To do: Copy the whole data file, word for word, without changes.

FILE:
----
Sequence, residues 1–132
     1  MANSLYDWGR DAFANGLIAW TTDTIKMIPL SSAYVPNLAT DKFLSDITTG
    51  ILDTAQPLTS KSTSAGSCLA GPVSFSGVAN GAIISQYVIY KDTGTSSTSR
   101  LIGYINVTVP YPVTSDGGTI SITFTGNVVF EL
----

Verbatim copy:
Sequence, residues 1–132
     1  MANSLYDWGR DAFANGLIAW TTDTIKMIPL SSAYVPNLAT DKFLSDITTG
    51  ILDTAQPLTS KSTSAGSCLA GPVSFSGVAN GAIISQYVIY KDTGTSSTSR
   101  LIGYINVTVP YPVTSDGGTI SITFTGNVVF EL